Saturday, August 21, 2010

Rusty relics

click photo to enlarge
In a recent post I was pondering the attraction of decay, and the reasons why photographers are often drawn to scenes of dilapidation and dereliction. Look at any online galleries by enthusiast photographers and you will usually find examples of this genre. Moreover, if you look carefully you will also see photographs that constitute a subset of the category, namely the abandoned vehicle. Photographers in the United States seem drawn to shooting rusting cars and trucks abandoned in rural areas, vehicles thirty, forty, fifty years old and more, that are gradually succumbing to the weather and the weeds. Such images are certainly taken by people in the U.K., but I get the feeling that they are relatively far fewer, and I have sometimes wondered why this should be.

It's probably to do with land area and the density of population. In our small, crowded islands, space is at a premium, and waste ground where it does exist, tends to be put to a fresh use quite quickly. Many farmers (though by no means all) are obsessively tidy and dispose of old vehicles fairly promptly. Then there's the scrap metal price that attaches to such things. I've always thought that these are the reasons for fewer abandoned vehicles and hence fewer photographs: the luxury of unused open space of the sort that exists in the United States simply militates against it.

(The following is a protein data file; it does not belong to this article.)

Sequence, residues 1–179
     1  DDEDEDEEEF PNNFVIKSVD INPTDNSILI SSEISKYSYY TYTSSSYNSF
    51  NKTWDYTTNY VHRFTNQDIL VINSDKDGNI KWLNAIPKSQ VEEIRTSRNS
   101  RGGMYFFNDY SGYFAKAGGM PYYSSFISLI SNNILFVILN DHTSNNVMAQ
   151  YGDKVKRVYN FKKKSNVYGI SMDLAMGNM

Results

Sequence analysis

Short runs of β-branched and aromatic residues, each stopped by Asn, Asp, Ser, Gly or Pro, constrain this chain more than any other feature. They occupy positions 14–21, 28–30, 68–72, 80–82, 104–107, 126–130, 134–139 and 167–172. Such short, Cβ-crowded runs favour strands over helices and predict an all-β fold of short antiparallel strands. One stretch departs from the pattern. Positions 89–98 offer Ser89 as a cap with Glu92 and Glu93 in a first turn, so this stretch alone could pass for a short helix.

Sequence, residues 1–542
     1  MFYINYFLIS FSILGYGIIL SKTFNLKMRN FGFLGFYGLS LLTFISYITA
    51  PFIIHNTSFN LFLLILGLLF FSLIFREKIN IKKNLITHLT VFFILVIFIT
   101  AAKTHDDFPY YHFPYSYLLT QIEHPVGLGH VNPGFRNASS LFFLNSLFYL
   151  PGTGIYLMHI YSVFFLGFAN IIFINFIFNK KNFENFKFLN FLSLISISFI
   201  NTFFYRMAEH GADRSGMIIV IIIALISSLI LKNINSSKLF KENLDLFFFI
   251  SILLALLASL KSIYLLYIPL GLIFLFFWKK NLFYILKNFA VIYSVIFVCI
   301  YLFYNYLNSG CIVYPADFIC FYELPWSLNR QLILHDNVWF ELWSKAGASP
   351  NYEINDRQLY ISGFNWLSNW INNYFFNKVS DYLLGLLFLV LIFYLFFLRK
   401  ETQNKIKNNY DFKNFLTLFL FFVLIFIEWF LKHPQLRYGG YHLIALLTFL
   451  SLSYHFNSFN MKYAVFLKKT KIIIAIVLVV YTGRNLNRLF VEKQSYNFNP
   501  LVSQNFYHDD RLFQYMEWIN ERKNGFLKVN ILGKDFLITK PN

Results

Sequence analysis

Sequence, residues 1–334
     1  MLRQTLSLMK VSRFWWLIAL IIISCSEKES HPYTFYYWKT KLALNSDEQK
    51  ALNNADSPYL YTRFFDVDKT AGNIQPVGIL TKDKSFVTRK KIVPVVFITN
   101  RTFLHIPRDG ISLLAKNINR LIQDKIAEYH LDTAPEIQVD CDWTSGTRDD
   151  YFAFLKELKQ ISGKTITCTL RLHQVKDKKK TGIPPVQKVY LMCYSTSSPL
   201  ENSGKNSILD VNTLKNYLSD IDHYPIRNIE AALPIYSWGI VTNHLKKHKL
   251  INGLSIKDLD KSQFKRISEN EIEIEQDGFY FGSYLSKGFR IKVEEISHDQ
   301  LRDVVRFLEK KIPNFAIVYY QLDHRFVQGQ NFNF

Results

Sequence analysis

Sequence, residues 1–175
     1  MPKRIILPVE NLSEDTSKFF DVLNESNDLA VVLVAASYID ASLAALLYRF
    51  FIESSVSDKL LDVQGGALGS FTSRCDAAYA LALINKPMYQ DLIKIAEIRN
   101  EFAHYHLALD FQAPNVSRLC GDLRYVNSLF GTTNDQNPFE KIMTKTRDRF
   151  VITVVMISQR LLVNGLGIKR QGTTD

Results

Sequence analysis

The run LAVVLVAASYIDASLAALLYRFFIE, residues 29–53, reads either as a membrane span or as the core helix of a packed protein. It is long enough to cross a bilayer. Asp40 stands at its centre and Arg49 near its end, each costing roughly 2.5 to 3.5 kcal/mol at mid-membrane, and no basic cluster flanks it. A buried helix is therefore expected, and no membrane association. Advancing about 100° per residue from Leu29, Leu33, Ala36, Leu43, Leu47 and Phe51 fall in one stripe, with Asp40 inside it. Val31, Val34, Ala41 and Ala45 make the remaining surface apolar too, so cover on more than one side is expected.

This open shed, stuffed with the gleanings of decades, shows what happens to a few old vehicles: they get put to one side, collected with other odds and ends that might be useful or that could be renovated in years to come. The two old tractors and the small car tucked away at the back appear to be about sixty or so years old. Those wheels on the right look like they might be from traction engines. And the old lawn mower appears to have been stored with the intention of being repaired, and then forgotten. Whatever the reason for the collection I thought it might make an interesting photograph to pore over.

photograph and text (c) T. Boughen

Camera: Olympus E510
Mode: Aperture Priority
Focal Length: 13mm (26mm/35mm equiv.)
F No: f7.1
Shutter Speed: 1/15
ISO: 100
Exposure Compensation: 0 EV
Image Stabilisation: On